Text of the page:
I haven’t written many posts lately about my summer reading as I’ve had a big run on reading adult fiction. I loved Peter Temple’s The Broken Shore, which is an adult detective novel but it’s not exactly a title I’d recommend to younger readers. I’ve also been reading a lot of collections of short stories, particularly those published by McSweeney’s and Falcon vs. Monkey.
Older teenagers (and adults) who are into adventurous fiction should definitely word themselves up on these two journals. (I think at this point I should
admit some bias as one of my grown-up kids had a short story published in Torpedo, Falcon vs. Monkey’s latest journal. )
But bias aside, I’ve definitely noticed the short story is a form that is getting a new lease on life. I was given a lot of chunky short story collections for Christmas. At first , I thought my family was becoming intimidated by my voracious appetite for fiction and were losing confidence in giving me novels. Then I realised that the short story is underoing a renaissance, which is probably a very good thing. Short fiction is challenging and inspiring. Personally, I have always preferred to read (and write) novels. I have rarely lived with less than five people so my life has always been crowded and full of interesting sub-plots which definitely suits a novelist’s world view. So I find it quite difficult to write very short fiction but I’m becoming intrigued by writers who can pull it off. Maybe in our crazy, fast-paced world, the short story is the ultimate shape of the future. Maybe it’s time for all of us to learn how to be succinct.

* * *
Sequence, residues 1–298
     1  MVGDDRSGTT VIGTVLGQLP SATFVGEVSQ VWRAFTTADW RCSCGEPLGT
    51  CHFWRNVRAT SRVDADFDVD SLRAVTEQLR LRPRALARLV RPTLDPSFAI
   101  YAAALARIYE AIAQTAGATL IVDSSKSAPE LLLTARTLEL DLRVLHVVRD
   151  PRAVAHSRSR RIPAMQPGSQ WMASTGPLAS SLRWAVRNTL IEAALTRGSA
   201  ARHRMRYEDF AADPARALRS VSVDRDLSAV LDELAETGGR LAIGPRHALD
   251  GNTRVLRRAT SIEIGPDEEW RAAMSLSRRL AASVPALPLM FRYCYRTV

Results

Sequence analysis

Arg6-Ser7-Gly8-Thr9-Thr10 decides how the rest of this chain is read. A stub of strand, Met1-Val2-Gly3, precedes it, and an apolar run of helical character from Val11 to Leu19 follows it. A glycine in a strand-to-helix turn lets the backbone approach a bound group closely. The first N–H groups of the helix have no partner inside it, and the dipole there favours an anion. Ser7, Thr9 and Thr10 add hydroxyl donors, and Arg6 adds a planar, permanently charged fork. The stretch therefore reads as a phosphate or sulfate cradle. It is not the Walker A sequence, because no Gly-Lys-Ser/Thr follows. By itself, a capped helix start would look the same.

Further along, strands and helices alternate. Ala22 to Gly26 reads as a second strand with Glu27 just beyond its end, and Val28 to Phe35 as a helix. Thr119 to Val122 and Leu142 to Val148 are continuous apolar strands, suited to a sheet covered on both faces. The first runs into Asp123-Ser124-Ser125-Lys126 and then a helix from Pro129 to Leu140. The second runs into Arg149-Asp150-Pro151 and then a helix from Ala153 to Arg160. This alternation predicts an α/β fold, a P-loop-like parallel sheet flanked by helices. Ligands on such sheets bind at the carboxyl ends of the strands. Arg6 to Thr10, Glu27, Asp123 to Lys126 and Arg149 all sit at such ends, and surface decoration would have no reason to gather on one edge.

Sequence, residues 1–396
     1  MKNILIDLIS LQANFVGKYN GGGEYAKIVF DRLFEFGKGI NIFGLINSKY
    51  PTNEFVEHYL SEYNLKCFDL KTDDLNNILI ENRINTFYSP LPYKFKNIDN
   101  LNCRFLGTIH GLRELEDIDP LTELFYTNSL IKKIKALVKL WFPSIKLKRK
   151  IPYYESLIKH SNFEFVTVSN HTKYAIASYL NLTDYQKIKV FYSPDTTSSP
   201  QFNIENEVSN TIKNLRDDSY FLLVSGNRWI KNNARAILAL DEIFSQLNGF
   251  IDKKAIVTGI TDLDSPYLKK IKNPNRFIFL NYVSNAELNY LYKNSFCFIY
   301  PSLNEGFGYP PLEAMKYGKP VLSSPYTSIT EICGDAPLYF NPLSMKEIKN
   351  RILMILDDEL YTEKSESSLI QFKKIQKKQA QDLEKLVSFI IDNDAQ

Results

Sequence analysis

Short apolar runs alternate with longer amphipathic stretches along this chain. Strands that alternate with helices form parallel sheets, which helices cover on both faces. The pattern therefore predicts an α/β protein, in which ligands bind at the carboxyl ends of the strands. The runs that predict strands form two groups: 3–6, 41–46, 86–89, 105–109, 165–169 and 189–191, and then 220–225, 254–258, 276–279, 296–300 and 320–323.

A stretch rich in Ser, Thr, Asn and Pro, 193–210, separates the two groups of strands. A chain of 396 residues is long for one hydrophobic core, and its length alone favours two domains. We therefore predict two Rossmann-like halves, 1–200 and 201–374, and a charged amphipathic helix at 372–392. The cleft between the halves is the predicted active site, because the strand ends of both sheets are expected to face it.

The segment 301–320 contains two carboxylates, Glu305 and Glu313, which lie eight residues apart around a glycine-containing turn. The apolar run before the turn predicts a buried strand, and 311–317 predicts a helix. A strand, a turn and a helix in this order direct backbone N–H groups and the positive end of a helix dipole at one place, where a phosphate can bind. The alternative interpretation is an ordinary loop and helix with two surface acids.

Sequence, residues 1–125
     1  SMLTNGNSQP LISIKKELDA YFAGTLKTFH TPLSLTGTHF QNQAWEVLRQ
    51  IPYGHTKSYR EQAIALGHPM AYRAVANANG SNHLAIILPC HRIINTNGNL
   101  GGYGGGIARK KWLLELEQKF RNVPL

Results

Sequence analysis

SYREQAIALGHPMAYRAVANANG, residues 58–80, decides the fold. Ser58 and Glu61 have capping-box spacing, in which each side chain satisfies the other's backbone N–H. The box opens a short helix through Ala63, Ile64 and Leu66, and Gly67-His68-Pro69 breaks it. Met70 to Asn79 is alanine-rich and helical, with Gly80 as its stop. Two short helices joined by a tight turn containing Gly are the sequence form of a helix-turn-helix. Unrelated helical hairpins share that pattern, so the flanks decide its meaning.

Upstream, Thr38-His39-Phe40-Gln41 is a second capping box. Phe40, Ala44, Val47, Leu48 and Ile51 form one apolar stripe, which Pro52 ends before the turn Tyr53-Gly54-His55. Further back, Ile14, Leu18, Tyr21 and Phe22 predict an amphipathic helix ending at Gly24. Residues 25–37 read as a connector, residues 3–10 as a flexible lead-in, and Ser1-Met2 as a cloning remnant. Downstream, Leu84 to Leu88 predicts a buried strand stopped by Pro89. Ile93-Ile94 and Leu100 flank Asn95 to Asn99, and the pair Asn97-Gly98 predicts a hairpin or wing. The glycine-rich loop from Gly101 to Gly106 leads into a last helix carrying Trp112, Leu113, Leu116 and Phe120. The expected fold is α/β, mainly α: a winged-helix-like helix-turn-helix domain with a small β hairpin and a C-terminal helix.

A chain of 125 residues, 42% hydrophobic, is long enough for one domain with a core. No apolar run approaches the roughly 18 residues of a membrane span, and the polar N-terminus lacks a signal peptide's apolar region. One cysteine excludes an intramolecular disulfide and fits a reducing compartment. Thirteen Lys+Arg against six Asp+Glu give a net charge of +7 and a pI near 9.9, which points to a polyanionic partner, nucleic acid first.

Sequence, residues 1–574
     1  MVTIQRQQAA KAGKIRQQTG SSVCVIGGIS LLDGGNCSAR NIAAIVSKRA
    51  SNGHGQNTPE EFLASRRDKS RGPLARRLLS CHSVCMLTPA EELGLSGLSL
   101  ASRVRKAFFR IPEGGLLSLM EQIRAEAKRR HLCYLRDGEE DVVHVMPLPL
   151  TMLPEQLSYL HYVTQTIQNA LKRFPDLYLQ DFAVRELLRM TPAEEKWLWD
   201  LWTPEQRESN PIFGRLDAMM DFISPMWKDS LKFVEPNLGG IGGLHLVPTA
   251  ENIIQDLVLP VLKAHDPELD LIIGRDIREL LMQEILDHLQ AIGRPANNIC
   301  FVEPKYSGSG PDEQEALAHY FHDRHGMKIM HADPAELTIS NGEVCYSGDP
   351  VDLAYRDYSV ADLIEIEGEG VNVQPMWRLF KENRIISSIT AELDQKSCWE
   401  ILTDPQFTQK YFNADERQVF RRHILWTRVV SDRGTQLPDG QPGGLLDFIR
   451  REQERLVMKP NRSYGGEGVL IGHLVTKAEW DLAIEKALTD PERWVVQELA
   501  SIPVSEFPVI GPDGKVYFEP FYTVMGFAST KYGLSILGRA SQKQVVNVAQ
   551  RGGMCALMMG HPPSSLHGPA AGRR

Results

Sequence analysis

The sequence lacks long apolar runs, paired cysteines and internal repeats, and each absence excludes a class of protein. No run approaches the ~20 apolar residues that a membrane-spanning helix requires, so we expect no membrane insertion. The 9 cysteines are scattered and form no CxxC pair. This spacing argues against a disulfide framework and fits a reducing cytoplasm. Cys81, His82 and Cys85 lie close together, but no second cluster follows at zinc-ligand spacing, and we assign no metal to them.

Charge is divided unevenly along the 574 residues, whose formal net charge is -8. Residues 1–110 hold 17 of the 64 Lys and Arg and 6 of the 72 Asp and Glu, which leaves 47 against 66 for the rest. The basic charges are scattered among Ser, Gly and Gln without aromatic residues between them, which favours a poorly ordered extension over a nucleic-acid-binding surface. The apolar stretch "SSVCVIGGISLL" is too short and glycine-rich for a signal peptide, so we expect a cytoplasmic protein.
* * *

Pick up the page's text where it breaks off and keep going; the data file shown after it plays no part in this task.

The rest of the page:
Kirsty is an Australian author of books for children and young adults.

“Every adult was once a child and the child inside them never completely disappears.”

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